6. 6. Regional analysis: Fear overs Euro-zone breakdown and political upheaval recede The 2014 Risk Barometer analyses contributions from a record 33 countries around the world. Although the top three risks – BI/supply chain, natural catastrophes and fire and explosion – are identical across all regions for the second successive year (see table) there are differences elsewhere. Top 10 business risks by region in 2014 In Europe the barometer shows companies are feeling much more confident about the future of the Euro-zone then 12 months ago when this risk was a Top 10 concern. 4 Loss of reputation or brand value 16% (10%) (8) Fears of a possible break-up have clearly receded with it dropping out of the Top 10 global risks to 21st. However, a number of countries remain worried about the impact of austerity programs. Allianz experts note that for companies in two countries adversely impacted by the economic downturn – Spain and Portugal – this is the top risk. Reflecting global trends, loss of reputation, cyber and theft are all new entries in the Top 10 replacing fears over market fluctuations, such as currency and interest rate movements, and credit availability. Americas  2014 2013 Trend 1 Business interruption, supply chain risk 56% (52%) (1) 2 Natural catastrophes 53% (49%) (2) 3 Fire, explosion 26% (32%) (3) 5 Changes in legislation and regulation 15% (23%) (5) 6 Market stagnation or decline 12% 7 Theft, fraud and corruption 11% (11%) (7) 8 Cyber crimes, IT failures, espionage 11% (–) (–) NEW 9% (–) (–) NEW 9 Talent shortage, aging workforce 10 Intensified competition Europe, Middle East and Africa (EMEA)  (–) (–) 9% (23%) (4) 2014 2013 Photo: Shutterstock 1 Business interruption, supply chain risk 2 Natural catastrophes 29% (40%) (2) 3 Fire, explosion 24% (30%) (3) 4 Market stagnation or decline 22% (15%) (6) 5 Changes in legislation and regulation Trend 39% (43%) (1) 22% (16%) (4) 6 Intensified competition Meanwhile, across the Middle East and Africa region fears about the long-term impact of the events of the Arab Spring of 2011 also appear to be receding with concern about political/social upheaval not as prominent as a year ago. This peril drops one position in 2014 to 18th. NEW 16% (15%) (7) 7 Loss of reputation or brand value 14% (–) (–) NEW 8 Theft, fraud and corruption 12% (–) (–) NEW 9 Cyber crime, IT failures and espionage 11% (–) (–) NEW 10 Quality deficiencies, serial defects 10% (16%) (5) Asia Pacific   2014 2013 1 Business interruption, supply chain risk 46% (47%) (2) 2 Natural catastrophes 30% (50%) (1) 3 Fire, explosion 25% (27%) (3) 4 Changes in legislation and regulation 22% Trend (–) (–) NEW 5 Loss of reputation or brand value 21% (14%) (7) 6 Cyber crime, IT failures and espionage 18% 7 Commodity price increases 16% (17%) (5) 8 Market fluctuations 13% (18%) (4) 9 Intensified competition 12% (11%) (9) 10 Talent shortage, aging workforce Egyptians protesting against the government in Alexandria in June 2013. Companies in the Europe, Middle East and Africa region are not as worried about the impact of political upheaval as they were a year ago (–) (–) NEW 9% (12%) (8) Figures here represent a percentage of all relevant responses. Responses for Europe, Middle East and Africa: 396 (it is important to note that European responses dominate); Americas: 85; Asia Pacific 76 Allianz Risk Pulse – Allianz Risk Barometer 2014   page 6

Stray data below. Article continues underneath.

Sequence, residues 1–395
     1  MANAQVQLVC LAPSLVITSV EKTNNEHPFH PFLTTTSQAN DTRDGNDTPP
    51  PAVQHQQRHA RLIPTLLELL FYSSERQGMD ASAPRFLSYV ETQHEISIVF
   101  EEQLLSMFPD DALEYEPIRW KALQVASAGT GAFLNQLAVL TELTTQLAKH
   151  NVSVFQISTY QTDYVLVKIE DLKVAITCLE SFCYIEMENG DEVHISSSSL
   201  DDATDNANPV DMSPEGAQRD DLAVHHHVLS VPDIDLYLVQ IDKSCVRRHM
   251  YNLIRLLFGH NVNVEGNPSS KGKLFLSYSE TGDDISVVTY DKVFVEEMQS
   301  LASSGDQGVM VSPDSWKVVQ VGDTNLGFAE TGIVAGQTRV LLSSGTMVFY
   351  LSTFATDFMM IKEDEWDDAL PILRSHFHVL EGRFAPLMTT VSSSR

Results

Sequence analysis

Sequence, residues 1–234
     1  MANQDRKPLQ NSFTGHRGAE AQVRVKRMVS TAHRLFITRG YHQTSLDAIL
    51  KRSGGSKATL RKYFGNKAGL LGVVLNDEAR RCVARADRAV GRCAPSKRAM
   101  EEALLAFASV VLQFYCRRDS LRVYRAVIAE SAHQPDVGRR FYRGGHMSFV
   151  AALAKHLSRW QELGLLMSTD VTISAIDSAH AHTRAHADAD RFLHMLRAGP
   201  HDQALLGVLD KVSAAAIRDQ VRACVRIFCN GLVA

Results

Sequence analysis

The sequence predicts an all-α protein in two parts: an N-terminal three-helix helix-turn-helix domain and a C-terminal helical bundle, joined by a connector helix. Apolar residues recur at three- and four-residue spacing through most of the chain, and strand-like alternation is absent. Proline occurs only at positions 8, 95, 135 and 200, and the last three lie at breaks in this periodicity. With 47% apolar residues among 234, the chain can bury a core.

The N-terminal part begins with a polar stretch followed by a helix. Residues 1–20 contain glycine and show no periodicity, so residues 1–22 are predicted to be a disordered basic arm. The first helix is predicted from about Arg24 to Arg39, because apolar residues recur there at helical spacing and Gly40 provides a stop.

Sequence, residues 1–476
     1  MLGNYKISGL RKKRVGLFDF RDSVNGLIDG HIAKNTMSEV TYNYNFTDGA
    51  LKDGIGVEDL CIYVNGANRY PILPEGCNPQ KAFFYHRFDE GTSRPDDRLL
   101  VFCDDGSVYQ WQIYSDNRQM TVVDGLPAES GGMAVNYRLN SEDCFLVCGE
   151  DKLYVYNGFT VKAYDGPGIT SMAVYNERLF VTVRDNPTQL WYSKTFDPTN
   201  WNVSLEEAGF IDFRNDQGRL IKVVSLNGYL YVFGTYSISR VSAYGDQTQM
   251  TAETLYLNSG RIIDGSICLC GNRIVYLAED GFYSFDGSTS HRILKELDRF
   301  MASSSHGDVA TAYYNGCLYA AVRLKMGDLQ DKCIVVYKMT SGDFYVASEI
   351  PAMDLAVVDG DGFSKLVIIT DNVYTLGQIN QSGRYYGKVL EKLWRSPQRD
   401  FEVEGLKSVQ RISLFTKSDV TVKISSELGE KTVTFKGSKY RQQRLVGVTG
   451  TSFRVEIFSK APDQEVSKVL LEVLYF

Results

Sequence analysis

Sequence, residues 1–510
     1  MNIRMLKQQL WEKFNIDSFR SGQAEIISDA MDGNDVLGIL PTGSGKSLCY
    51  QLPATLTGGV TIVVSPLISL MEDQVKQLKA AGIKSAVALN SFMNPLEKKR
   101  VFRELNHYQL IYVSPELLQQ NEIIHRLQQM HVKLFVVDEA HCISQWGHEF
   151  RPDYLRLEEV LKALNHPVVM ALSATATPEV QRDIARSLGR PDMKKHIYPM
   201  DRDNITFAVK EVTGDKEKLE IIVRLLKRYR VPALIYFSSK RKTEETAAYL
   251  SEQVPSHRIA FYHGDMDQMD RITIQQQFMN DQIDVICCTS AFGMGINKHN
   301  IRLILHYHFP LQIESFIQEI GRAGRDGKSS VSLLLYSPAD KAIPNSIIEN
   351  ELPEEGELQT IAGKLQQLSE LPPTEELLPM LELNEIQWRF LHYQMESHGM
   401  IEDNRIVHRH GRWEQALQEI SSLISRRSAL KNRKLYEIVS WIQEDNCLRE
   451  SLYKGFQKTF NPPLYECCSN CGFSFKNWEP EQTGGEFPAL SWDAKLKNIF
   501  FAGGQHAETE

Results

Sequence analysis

7. 7. Americas and Asia Pacific worry about brand value and talent gap Loss of reputation or brand value is the biggest mover in the Top 10 risks in the Americas region with market stagnation and cyber perils also perceived as posing a greater threat than 12 months ago. Asia Pacific is the only region not to be overly-concerned about the prospect of market stagnation or decline with this risk failing to make the Top 10, unlike in EMEA (fourth) and the Americas (sixth). However, there is evidence the regulatory bite that has increasingly occupied the attention of companies in Europe and the Americas in recent years is finally beginning to crunch in Asia Pacific – 22% of Allianz experts believe it now constitutes a major concern. “What we are seeing – and China is one of the best examples of this – is that Asia is experiencing what industrialised countries have gone through recently in terms of regulatory development but over a much shorter time period,” says Michael Bruch, Head of RD, Risk Consulting, AGCS. “For example, the rise of environmental pollution, and then the introduction of more strict legislation around it, are happening within 10 years.” Cyber is another new entrant in the Top 10 Asia Pacific risks with increasing signs that tougher legislative proposals – similar to those on the table in the European Union – are to be introduced in Australia and debated in other territories. Awareness outside of the region’s core markets is definitely beginning to catch up. A shortage of skilled talent remains a Top 10 risk in the region with a lack of trained candidates cited as a major concern. Competition is fierce among global companies in the region to hire the best talent. In mature markets such as the US but also in growth markets across Asia and Latin America, a key challenge facing the insurance industry is how to attract the next generation of talent. Nearly 500,000 insurance professionals are retiring between 2008 and 2018, according to McKinsey; and the US industry alone will have to fill a gap of about 50,000 new hires a year – from claims to underwriting. According to Hugh Burgess, Chief Executive, Americas, AGCS such a gap means investing in developing expertise is essential. “New skills are needed – not the same as what were required 20 years ago.” Burgess says different skillsets are necessary because new risks and challenges have arisen Hugh Burgess driven by factors such as increasing globalization; more competition; faster supply chains; “lean and just-in-time” manufacturing processes; digitalization; higher quality demands; greater regulation and compliance; increased complexity and interconnectedness of risk; and advancements in risk modeling. “Both ‘hard’ and ‘soft’ skills are needed,” he says, classifying “hard” skills as “technical underwriting insight based on understanding of clients’ businesses; strong awareness of emerging perils such as environmental risks; insight into the client risk environment and new markets; and increasing specialization of knowledge, such as understanding of finance and engineering for BI risks”. “Soft” skills incorporate international/cultural awareness, languages, relationship-building, collaboration around cross-border/teams, as well as an “innovative mindset”. Burgess says there is also a need for companies such as Allianz to “grow their own experts” in addition to hiring engineers in specialized fields such as aviation, marine and energy. “We have no choice but to do so if we want to keep pace,” he says. “The world has changed: industry may not have focused enough on these issues in the past but going forward we are looking to more of a ‘consulting type’ environment, and with similar investment in training.” Photo: Shutterstock Talent shortage is considered a more pronounced risk in the Americas region (see box). Addressing the talent shortage in the insurance industry Guangzhou, China. Many of China’s cities face serious air pollution and poor air quality as the development of industry continues at a dramatic pace. The need for strong environmental regulation has prompted the government to move forward with a number of new policies and laws Allianz Risk Pulse – Allianz Risk Barometer 2014   page 7